Designated hitter may be the clearest job description in all of the work force: hit the ball, every time. And hard. You have no other job or responsibility, just go up and rake every time. But at the same time, such a clear job comes with some fairly heavy expectations as well. And those that do it better than most usually find themselves among the very best hitters in the game.

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That rings true with the best of the AL’s top specialty bats headed into this year. Among the best of the current group of DH’s includes a runner up for MVP honors, the league’s reigning top home run producer, the active (and returning) home run king and arguably the greatest player to ever frequent the position as well. The competition is thick, but the elite is still somewhat easy to pull apart.

With that said, here is the finale of the year’s Top 10 rankings headed into the spring, as well as the best in the game today to put a “particular set of skills” on display nightly.

 

1. Victor Martinez, Tigers: He narrowly avoided what could have been yet another serious knee injury this offseason, but is likely to be ready for Opening Day now. And considering the way that he stepped up last year, which is a godsend for the retooling Tigers. V-Mart finished second in the American League MVP vote after posting career bests in batting average (.335) home runs (32) and hits (188). Most remarkably however is that he was so efficient in his production that he joined none other than Joe DiMaggio, Ted Williams and Barry Bonds as the only players ever aged 35 or later to hit .300 with 30 home runs, while striking out 45 times or less (42) – all in 641 plate appearances.

2-year average: .317 average/.876 OPS, 23 home runs/94 RBI/185 hits/78 runs scored/34 doubles

2. David Ortiz, Red Sox: The ageless Papi continued to be a top-tier run producer a year ago. He reached the 35 home run plateau for the first time in seven years –and eighth time overall – while also posting the sixth most RBI in the AL. With the retooled Red Sox lineup surrounding him this year, yet another high productivity year should be on deck for Ortiz as he creeps closer and closer to 500 home runs.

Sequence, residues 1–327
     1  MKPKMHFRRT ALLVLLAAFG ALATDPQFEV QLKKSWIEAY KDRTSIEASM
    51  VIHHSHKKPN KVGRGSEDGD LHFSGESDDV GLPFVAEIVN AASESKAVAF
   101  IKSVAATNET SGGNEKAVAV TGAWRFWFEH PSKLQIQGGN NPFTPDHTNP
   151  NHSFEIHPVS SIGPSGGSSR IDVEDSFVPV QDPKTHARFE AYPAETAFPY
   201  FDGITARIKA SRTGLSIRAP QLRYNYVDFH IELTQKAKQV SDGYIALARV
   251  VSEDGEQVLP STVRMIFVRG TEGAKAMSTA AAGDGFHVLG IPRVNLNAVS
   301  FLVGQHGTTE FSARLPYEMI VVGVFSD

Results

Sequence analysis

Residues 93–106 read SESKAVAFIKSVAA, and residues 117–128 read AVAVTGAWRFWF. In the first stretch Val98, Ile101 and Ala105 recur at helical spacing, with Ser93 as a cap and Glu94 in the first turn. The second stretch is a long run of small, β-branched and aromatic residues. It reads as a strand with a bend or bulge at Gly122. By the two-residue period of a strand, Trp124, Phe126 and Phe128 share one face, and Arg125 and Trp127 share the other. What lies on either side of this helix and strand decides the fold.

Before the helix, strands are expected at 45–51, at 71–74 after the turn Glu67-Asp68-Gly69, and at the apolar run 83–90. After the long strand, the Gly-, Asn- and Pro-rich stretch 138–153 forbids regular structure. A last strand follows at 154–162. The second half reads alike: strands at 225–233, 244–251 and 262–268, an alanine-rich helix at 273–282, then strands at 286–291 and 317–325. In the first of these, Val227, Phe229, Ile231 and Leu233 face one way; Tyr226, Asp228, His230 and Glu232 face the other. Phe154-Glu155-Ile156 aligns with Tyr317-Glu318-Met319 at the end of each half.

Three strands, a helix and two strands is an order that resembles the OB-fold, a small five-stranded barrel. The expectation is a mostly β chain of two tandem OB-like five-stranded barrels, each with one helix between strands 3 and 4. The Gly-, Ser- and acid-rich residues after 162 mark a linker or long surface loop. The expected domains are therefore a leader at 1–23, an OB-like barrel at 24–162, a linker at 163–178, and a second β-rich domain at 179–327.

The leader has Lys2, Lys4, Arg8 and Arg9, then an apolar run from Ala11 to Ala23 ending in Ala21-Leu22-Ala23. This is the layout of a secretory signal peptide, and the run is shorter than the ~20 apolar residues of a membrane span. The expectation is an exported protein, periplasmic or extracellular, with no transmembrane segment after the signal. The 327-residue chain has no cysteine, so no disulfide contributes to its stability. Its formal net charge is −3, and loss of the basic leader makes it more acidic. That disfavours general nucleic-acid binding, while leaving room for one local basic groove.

2-year average: .286 average/.916 OPS/32 home runs/104 RBI/148 hits/72 runs scored/32 doubles

3. Nelson Cruz, Mariners: He made the absolute most of his one-year redemption deal in Baltimore, making a huge impact by leading the Majors with 40 home runs. He also tacked on a career-best 108 RBI as well, and parlayed it all into being the Mariners’ major addition this offseason. He will return to an AL West where he averaged 27 long balls a year from 2009 thru 2013 for the Rangers.

2-year average: .269 average/.848 OPS/34 home runs/92 RBI/138 hits/68 runs scored/25 doubles

4. Adam LaRoche, White Sox: Steady as ever, LaRoche ran up over 80 home runs in his four year stint with the Nationals and in the process became one of the most dependable middle of the lineup options in the National League. Now as he takes his game to the American League, he should be fed a healthy diet of fastballs to allow him to transition nicely into his bat-only capacity on the South Side.

2-year average: .248 average/.776 OPS/23 home runs/77 RBI/124 hits/72 runs scored/19 doubles

5. Steve Pearce, Orioles: He was the biggest unsung contributor in the Oriole offense a year ago, whose emergence made it possible for the club’s offense to thrive in light of some of the serious injuries it had to endure. Pierce made the most of his first crack as a full-time option, connecting for 21 home runs and sporting a superb .373 on-base percentage as well.